Let us now pass on to Saul in 1 Samuel 18:8-118And Saul was very wroth, and the saying displeased him; and he said, They have ascribed unto David ten thousands, and to me they have ascribed but thousands: and what can he have more but the kingdom? 9And Saul eyed David from that day and forward. 10And it came to pass on the morrow, that the evil spirit from God came upon Saul, and he prophesied in the midst of the house: and David played with his hand, as at other times: and there was a javelin in Saul's hand. 11And Saul cast the javelin; for he said, I will smite David even to the wall with it. And David avoided out of his presence twice. (1 Samuel 18:8‑11). Envy here seems to possess Saul so fearfully that it obtains a complete mastery over him, leading him three times to attempt to murder David. To one who does not know how rapidly and fatally the poison of envy works, it seems almost incredible that for such a trivial reason (ver. 8) Saul could have sought to kill the very one who had just delivered Israel. Yet I am sure that there is not one of us who knows anything of his own heart, but can trace the seeds of great crimes in the feelings prompted by envy.
In Ezekiel 35:1111Therefore, as I live, saith the Lord God, I will even do according to thine anger, and according to thine envy which thou hast used out of thy hatred against them; and I will make myself known among them, when I have judged thee. (Ezekiel 35:11) we find in the case of Edom that envy leads to hatred. In the case of Daniel 6:3, 43Then this Daniel was preferred above the presidents and princes, because an excellent spirit was in him; and the king thought to set him over the whole realm. 4Then the presidents and princes sought to find occasion against Daniel concerning the kingdom; but they could find none occasion nor fault; forasmuch as he was faithful, neither was there any error or fault found in him. (Daniel 6:3‑4) it is, I think, clear, that envy prompted the presidents and princes to their cruel course; which cannot be called anything but wicked and unscrupulous. We now pass on to the most fearful thing envy ever accomplished, in Mark 15:1919And they smote him on the head with a reed, and did spit upon him, and bowing their knees worshipped him. (Mark 15:19). Jesus, the son of God, was delivered up to Pilate, from the wretched miserable feeling of envy, that had eaten away all that was even human in the hearts of God’s professed servants, the chief priests. Here envy led them to crucify Christ.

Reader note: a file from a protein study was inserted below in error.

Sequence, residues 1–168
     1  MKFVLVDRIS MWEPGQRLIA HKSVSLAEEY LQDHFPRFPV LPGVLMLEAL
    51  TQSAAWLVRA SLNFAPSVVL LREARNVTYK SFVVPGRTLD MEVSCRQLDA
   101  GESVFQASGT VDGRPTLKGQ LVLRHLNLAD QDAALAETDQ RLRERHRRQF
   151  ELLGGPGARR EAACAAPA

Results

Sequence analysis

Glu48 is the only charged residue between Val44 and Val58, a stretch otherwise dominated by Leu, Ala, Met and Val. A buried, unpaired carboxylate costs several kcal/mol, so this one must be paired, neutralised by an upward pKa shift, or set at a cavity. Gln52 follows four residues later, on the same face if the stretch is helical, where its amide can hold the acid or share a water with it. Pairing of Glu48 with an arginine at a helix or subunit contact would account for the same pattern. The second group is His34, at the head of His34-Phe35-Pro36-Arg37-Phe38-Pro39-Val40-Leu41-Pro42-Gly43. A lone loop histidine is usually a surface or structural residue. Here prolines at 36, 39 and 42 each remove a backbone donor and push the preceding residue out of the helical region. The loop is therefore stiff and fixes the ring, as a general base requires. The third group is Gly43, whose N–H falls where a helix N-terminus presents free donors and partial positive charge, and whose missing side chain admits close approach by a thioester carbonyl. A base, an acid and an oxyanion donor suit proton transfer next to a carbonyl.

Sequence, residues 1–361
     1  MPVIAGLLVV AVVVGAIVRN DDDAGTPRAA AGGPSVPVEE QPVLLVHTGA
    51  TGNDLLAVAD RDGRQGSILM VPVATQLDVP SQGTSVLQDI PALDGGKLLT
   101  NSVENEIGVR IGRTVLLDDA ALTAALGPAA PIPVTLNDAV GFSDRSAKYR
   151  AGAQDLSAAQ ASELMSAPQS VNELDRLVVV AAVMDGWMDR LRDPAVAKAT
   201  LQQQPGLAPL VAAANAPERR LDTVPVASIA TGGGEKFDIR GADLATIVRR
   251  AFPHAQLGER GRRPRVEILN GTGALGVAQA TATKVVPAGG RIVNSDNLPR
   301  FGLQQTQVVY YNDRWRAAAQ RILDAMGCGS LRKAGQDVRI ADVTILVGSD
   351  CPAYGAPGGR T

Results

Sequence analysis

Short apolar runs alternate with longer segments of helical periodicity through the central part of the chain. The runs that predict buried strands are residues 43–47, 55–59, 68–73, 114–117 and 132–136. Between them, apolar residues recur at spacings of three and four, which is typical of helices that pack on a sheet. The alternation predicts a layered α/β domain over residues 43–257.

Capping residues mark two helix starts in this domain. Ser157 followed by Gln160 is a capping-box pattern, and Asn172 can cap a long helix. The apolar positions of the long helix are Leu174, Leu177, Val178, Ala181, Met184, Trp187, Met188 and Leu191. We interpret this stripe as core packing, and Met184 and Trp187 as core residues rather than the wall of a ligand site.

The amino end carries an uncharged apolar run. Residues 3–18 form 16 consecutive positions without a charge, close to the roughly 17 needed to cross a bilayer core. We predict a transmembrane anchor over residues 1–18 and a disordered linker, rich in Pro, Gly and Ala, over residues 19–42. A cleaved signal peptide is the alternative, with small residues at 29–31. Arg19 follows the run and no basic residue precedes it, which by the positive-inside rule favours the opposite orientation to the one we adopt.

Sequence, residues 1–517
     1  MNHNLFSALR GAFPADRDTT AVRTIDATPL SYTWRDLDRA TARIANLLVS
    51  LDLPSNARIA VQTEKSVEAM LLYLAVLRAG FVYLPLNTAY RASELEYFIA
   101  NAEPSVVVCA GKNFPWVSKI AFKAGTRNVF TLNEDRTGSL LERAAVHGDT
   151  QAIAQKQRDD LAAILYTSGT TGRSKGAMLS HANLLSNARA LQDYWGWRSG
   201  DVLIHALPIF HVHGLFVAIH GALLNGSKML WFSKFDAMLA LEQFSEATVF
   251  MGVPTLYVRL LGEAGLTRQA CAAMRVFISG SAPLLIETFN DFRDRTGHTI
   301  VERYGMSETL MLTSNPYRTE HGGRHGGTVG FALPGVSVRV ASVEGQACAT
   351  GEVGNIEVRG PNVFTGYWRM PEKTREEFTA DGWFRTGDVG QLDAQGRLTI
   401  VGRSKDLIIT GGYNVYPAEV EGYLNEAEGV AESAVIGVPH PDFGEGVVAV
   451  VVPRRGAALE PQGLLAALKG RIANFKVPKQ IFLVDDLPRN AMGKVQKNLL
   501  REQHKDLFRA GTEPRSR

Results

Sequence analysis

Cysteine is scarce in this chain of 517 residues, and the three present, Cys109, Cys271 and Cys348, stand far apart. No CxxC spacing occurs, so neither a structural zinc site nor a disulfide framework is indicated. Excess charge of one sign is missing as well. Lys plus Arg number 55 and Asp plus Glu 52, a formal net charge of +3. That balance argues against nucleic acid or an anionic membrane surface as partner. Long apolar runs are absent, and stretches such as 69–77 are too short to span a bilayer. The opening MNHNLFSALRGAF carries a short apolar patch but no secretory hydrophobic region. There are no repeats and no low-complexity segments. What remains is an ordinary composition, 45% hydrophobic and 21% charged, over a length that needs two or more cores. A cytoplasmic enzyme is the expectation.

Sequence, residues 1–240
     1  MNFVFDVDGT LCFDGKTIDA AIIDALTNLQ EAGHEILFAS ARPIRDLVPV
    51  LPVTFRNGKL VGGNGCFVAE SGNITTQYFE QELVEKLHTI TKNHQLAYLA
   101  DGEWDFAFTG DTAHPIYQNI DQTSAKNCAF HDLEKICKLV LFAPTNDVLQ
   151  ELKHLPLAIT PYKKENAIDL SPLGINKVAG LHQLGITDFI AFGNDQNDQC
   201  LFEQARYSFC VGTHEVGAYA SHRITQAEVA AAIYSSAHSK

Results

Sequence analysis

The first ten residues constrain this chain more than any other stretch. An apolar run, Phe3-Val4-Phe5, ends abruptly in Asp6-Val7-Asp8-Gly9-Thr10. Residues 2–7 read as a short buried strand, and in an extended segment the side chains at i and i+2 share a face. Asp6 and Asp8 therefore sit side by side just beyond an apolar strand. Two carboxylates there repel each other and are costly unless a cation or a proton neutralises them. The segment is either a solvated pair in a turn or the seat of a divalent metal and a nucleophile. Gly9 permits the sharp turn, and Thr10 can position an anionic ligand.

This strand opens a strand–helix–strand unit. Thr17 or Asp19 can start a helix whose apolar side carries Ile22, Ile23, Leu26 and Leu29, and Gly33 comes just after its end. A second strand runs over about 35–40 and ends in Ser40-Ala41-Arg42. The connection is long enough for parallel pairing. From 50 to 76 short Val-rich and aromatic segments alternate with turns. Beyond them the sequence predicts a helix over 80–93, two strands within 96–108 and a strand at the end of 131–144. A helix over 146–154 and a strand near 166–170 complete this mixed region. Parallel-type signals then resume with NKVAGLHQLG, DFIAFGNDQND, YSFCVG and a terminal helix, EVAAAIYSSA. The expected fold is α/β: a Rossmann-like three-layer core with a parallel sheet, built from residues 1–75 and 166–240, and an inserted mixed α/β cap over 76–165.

In Acts 13:4545But when the Jews saw the multitudes, they were filled with envy, and spake against those things which were spoken by Paul, contradicting and blaspheming. (Acts 13:45), we find the same horrible sin, leading the Jews through hatred of the success of the gospel to lying and blaspheming; and in 17:5, a similar company led away by the same feelings were guilty of rioting and violence!
(Continued and to be Continued).